Solution

Solution A: Don’t use Prettier:

This is harsh advice, but if you are the kind of person that cares strongly about this type of thing, enough to research how to override it, Prettier might not be for you. Again, the whole point of Prettier is to make those kinds of decisions for you, and they are strongly against exposing overrides as options, as that allows for more time wasted on manual configuration and bickering over how to set it up.

Plus, there are other auto-formatting options. For example, ESLint + AirBnB is a great common combination, where you get a bunch of common sense formatting defaults, but you can also configure the setup exactly how you like it using ESLint configs. In fact, just like how Prettier can auto-fix issues, so can ESLint.

Solution B: Force an Old Version of Prettier

Since this change was introduced with version 2.0 of Prettier, if you force your IDE to use an older version of Prettier, prior to the v2.0 release, you shouldn’t see this behavior. There are multiple ways to do this, but the easiest and most recommended way is to “pin” the version in your local package.json file.

For more details, assuming VSCode as your environment, refer to this documentation for “Prettier Resolution” in prettier-vscode.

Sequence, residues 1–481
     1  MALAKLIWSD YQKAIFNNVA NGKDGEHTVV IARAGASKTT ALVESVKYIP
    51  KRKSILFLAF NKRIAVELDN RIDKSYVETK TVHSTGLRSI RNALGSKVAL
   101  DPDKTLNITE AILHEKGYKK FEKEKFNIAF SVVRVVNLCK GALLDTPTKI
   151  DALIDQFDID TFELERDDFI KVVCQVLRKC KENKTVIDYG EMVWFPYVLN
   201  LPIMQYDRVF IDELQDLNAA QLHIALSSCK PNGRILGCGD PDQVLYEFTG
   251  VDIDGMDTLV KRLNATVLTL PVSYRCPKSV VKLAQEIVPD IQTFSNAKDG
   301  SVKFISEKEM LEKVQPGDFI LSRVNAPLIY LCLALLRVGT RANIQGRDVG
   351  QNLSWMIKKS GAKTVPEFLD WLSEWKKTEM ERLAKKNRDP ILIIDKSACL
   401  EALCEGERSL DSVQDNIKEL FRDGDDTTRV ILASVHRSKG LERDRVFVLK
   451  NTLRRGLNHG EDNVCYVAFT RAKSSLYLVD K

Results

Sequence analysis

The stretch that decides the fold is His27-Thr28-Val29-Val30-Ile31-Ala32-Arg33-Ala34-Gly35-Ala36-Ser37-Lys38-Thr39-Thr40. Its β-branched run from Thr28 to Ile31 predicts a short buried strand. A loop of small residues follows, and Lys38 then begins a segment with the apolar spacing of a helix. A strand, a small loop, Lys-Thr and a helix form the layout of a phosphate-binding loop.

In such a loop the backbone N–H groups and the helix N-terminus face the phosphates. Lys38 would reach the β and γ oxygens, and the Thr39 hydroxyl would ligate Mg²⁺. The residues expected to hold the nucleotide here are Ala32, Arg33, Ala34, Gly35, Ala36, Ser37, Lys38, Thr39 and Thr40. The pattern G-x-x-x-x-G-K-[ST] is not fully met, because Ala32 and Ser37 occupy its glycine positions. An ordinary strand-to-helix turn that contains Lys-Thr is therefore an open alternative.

Warning: Solution B is not recommended as a long term solution, since you will be missing out future (and post-2.0) performance improvements, added features, and security patches.

Solution C: Let ESLint override Prettier

Part of the reason why my attempts at overriding Prettier’s default with ESLint’s rule (space-before-function-paren) did not work, is because I was following Prettier’s recommended setup for ESLint, which includes telling ESLint to disable rules that conflict with Prettier. I’m guessing one of those “conflicting” rules is the space in function declarations (particularly anonymous function declarations).

This brings me to my second solution; let ESLint override Prettier.

This is pretty convoluted, and I’m not even 100% sure it would work, but I figured I would outline the steps anyways

First, you would need to stop telling ESLint to drop rules that conflict / override Prettier. For example, going from this (in .eslintrc.json):

{
    "extends": ["airbnb-base","plugin:prettier/recommended"],
    "rules": {
        //...
    }
}

…. to this:

{
    "extends": ["airbnb-base"],
    "rules": {
        //...
    }
}

Next, you would need to setup your formatting workflow to call Prettier first (e.g., prettier --write .), to apply it’s opinionated styles, and then call ESLint’s formatter (e.g., eslint --fix). You could do this with chained command line commands, or, if you are using VSCode, via extensions and some custom tasks or something like that.

Solution B is not recommended, and is mostly included as an additional way to illustrate how ESLint and Prettier interact

This is the recommended ESLint extension for VSCode, which includes a built-in formatter

Wrap Up

Hope this helps someone! Feel free to leave a comment if you found an additional workaround or have any feedback to share!